No (Ex)cuses: Getting the Child Support You Deserve

Raising a child is hard work. It’s even harder when you’re divorced, working 40+ hours a week, and struggling to make ends meet. But wait, don’t you receive child support from your ex? You should, but your ex has decided to ignore making payments.

If you find yourself in a constant fight to collect child support ordered by the court, you’re one of millions. The U.S. Census Bureau reported in 2013 that approximately 26% of child support payments are never made and 28% are only partially paid.

So, what now? If your ex is failing to make payments, you have a few options in North Carolina.

Option #1

Child Support Enforcement (CSE), a national program established by Congress in 1975, ensures that both parents are responsible for the support of their children to the best of their ability. The program, now known in our state as Child Support Services (CSS), provides services to the custodians of minor children, no matter the income level.

When a court order has already been established, CSS can manage the collection and distribution of all ordered child support payments. To enforce court orders, CSS agents can initiate legal action against the non-custodial parent (NCP), withhold support payments from the NCP’s wages, and intercept the NCP’s tax refunds.

Other actions used by CSS include:

  • Monthly billing to NCPs not under income withholding;
  • Filing court action against NCPs who have not paid support as ordered;
  • Credit bureau reporting of all child support obligations handled by CSS;
  • Interception of state and federal tax refunds; or
  • Liens on real or personal property the NCP owns.

If you aren’t receiving child support payments as ordered by a Craven County court, call the county’s CSS office at (252) 514-4807. You can also apply online to begin your child support enforcement case and receive a caseworker. But, please be aware that unless you qualify for a fee waiver, a $25 annual fee must be collected to use the program.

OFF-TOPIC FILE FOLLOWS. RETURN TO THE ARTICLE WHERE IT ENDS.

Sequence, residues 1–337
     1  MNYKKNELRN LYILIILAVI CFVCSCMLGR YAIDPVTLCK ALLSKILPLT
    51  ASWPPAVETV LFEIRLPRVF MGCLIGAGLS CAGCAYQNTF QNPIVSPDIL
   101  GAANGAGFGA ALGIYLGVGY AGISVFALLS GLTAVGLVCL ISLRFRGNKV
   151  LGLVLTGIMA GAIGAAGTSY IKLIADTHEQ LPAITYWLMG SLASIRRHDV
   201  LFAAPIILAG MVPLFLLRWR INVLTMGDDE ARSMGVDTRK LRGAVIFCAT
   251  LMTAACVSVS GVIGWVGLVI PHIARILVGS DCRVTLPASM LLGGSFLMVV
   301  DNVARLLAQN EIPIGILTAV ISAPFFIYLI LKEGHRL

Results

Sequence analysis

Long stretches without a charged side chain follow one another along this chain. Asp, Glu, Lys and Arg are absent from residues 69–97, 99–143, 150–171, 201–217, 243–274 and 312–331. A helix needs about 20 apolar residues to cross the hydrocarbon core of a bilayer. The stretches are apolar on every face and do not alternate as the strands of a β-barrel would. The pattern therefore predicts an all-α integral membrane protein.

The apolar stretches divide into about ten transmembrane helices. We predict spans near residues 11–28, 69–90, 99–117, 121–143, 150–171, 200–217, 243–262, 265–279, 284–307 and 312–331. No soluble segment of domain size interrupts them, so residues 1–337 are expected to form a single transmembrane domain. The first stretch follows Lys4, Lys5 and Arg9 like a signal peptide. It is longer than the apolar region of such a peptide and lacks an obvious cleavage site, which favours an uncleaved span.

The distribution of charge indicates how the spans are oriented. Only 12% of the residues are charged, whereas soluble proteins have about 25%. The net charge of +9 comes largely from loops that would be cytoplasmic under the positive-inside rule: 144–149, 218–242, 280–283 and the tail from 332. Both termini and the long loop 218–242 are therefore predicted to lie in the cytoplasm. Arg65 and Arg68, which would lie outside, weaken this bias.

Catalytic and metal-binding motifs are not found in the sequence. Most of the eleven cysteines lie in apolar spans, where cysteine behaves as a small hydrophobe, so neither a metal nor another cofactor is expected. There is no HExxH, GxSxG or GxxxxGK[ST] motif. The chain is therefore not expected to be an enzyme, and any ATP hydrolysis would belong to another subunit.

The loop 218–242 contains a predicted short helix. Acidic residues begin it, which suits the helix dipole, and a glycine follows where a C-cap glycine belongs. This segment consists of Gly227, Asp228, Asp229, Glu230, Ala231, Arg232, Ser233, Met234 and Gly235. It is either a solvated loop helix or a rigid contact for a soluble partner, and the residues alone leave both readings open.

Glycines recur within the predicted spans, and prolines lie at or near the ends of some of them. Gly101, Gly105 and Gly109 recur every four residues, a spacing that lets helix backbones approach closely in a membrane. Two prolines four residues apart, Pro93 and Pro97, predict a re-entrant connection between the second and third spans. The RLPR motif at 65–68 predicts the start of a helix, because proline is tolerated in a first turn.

Option #2

Choosing CSS to handle the issue might work for many, but you should keep in mind that CSS is a government agency. It, like similar agencies found at every level of government, is often overwhelmed with cases and strapped for time. CSS could take weeks or months to help you get results, but what if you can’t wait that long?

Here’s where consulting with an experienced attorney should be considered. An attorney will focus solely on your case and will fight on your behalf in court. He or she can help you execute several options to recover child support payments, including:

Filing a motion for judgment: This motion asks the court to enter a judgment against the non-paying parent for the total amount of child support owed. Once you’ve obtained a judgment, this opens several different methods for collection.

Requesting a wage garnishment order: This court order will instruct the non-paying parent’s employer to deduct a specified amount from every paycheck they earn and send that money to you, either directly or through CSS.

Requesting a writ of execution: This order allows local law enforcement to seize the non-paying parent’s assets, sell them, and then transfer money raised from the sale to you as payment against the balance of the child support you’re owed.

Filing a motion for contempt: This motion will ask the court to find the non-paying parent violated a court order and is in contempt of court, which can lead to jail time for the offending parent. The threat of imprisonment may persuade the other parent to take their obligation seriously and pay what they owe.

Attempting to collect payments from a spouse can be a hassle even with a court order in place. Wouldn’t it be nice to have someone who knows the ins and outs of the court system on your side?

For more information on spousal support or to schedule a consultation, please contact Greene Wilson Crow & Smith Attorneys at Law by calling (252) 634-9400 or visiting

(Sources: North Carolina Department of Health & Human Services; U.S. Census Bureau; Divorce Magazine; Money Crashers; and The Spruce.)